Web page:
2016-08-17 / Front Page


In Support Of Rights To Breastfeed In Public
By Fernea Moyo, MSN, FNP-BC, RN-BC

Why does society shame women for public breastfeeding? As a mother, and a midwife who once breastfed, nothing is more phenomenal than a woman bringing forth a life and nurturing that life through the most natural way, breastfeeding. Babies are the most vulnerable and defenseless of our population, and depend on mothers for sustenance.  I have been a nurse for 32 years, 25 of them as a midwife overseas and a labor/delivery room nurse in New York City. The last four years I have been working as an Advanced Practice Registered Nurse (APRN) in a medical/surgical unit, but that has not diminished my passion and dedication to the welfare of women and children.

Various organizations, including the World Health Organization, the United Nations Children’s Fund, the American Academy of Pediatrics and the American College of Nurse Midwives, support breastfeeding as an unparalleled way to provide nutrition to infants, ensuring their survival. These organizations recommend exclusive, on-demand breastfeeding for at least six months, and for as long as a mother needs thereafter. Health benefits include less incidences of diarrhea, ear and respiratory infections and sudden infant death. Mothers who breastfeed have a lower risk of breast and ovarian cancers. Mother-baby bonding is the psychosocial benefit of breastfeeding. Breastfeeding is cost effective as it is free; families can save $1,500 annually that would otherwise be spent on formula. It is eco-friendly, since there are no packages to discard after feedings. The Surgeon General made a call to action to support breastfeeding in 2011, urging society to promote and support breastfeeding mothers.

The Affordable Care Act, passed in 2010, promotes this healthy practice by stipulating provision of time by employers to breastfeeding mothers. The Department of Health and Human Services initiative, Healthy People 2020 objectives also identify breastfeeding as a public health-promoting and disease-preventing initiative.

In 1994 New York State signed the Civil Rights Law section 79-e, permitting mothers to breastfeed in public/private locations. In 2004, this law was amended by bill S245.01 to include breastfeeding, even with the nipple showing, not to be considered indecent exposure.

Implementing this law has been hampered by hostility from society. Women continue to be shamed for breastfeeding and I was one of those women. In 2001, we went to a restaurant with my two-month-old daughter. Not wanting to offend anyone, I requested a corner, secluded table for privacy, but was denied. When my daughter started fussing and demanding a feed, I complied, and immediately a waiter was by my side telling me “you cannot do that here.” When I asked her where to “do that,” she directed me to the bathroom. When I calmly asked her if she ever takes any of her meals in the bathroom, she indignantly replied, “of course not.” My answer to her was, “then why should my daughter eat in there, when you do not?”  Fortunately for me, I knew the breastfeeding law, and told the waitress, and her manager who had come to stand over me to support his employee. I proceeded to feed my daughter. At this time, we were offered the secluded table, which I graciously declined.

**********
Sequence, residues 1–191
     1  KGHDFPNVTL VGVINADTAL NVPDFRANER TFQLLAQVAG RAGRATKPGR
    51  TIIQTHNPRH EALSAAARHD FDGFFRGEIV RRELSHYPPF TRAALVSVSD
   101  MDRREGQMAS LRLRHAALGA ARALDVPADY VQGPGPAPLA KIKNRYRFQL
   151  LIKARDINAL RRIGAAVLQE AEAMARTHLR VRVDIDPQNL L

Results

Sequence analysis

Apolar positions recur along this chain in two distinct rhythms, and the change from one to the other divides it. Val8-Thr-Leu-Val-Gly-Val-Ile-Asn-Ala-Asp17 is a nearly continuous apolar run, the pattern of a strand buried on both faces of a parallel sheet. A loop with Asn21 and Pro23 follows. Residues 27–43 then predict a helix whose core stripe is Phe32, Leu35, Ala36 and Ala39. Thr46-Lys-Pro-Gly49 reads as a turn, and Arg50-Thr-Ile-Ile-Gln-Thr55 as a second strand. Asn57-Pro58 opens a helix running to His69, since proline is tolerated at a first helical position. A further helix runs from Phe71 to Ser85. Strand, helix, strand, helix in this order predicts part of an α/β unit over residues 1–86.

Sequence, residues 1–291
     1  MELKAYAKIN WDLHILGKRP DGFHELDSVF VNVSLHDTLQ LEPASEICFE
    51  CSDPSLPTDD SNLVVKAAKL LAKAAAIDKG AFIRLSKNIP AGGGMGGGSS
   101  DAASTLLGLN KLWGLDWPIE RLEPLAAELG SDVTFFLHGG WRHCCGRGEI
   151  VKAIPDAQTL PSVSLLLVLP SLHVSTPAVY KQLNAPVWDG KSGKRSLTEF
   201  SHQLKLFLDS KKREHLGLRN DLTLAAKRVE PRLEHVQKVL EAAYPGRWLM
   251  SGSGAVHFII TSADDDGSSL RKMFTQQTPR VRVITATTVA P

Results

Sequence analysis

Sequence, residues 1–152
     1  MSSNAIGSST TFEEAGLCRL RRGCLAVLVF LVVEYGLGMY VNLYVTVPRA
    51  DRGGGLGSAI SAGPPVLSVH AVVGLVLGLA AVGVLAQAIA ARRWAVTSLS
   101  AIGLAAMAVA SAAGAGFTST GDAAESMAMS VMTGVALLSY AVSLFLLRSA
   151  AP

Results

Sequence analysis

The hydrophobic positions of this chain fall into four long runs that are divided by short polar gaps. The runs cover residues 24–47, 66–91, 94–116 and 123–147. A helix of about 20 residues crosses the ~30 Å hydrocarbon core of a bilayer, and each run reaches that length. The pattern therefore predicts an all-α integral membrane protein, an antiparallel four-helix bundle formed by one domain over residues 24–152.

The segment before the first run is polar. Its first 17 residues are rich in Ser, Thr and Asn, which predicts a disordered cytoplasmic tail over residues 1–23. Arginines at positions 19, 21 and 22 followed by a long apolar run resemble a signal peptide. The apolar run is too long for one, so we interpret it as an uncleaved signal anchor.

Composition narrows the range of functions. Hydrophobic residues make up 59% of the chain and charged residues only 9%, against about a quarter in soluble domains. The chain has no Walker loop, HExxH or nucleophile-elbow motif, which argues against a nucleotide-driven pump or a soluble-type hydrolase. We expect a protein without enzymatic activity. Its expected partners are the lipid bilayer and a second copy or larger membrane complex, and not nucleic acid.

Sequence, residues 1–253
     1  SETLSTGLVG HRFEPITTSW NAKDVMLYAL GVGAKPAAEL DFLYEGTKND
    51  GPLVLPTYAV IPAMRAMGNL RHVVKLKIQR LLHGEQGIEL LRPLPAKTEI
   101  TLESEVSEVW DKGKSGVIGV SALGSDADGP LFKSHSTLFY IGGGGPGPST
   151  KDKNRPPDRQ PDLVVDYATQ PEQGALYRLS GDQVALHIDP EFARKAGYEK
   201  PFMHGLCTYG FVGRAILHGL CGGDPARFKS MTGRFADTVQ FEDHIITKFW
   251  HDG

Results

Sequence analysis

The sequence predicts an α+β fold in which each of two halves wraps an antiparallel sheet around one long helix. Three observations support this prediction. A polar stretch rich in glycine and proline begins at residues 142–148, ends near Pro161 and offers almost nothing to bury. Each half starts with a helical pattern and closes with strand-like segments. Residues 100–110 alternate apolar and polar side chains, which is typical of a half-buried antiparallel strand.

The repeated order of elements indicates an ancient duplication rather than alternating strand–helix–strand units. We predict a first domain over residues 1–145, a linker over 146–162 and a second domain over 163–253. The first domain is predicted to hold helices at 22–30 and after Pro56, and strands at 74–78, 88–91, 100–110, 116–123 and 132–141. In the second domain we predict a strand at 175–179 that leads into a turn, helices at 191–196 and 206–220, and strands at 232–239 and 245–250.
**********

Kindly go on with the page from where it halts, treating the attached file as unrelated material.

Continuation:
Society is offended by public breastfeeding, when women’s breasts’ primary biological function is breastfeeding. I think society inappropriately places sexual connotations on breastfeeding. People eat in public without being shamed, but a baby is denied the same right. NY law 2505-A passed in 2009 is about a Breastfeeding Mother’s Bill of Rights being posted publicly in maternity centers, public and private places. Breastfeeding ensures healthy babies, yet there is no enforcement provision for these laws. It is disappointing that society remains uncomfortable with a baby feeding, to the extent that we need laws to protect breastfeeding. When a baby is healthy, families save money that would otherwise be spent on formula and medical costs. Breastfed babies have fewer healthcare visits, medication costs and hospitalizations. Baby formula makers will oppose this promotion, since they do not want to lose revenue, but breastmilk is the best food for human babies. Restaurants and shopping malls might oppose public breastfeeding, but if they look at the longterm benefits, they will realize that being “breastfeeding friendly” can boost their revenue. A breastfeeding mother welcomed in a restaurant is likely to return, and bring family and friends. As a society, let us not deny a baby’s right to eat. Let us get more people educated on the advantages of breastfeeding. We cannot afford to fail.

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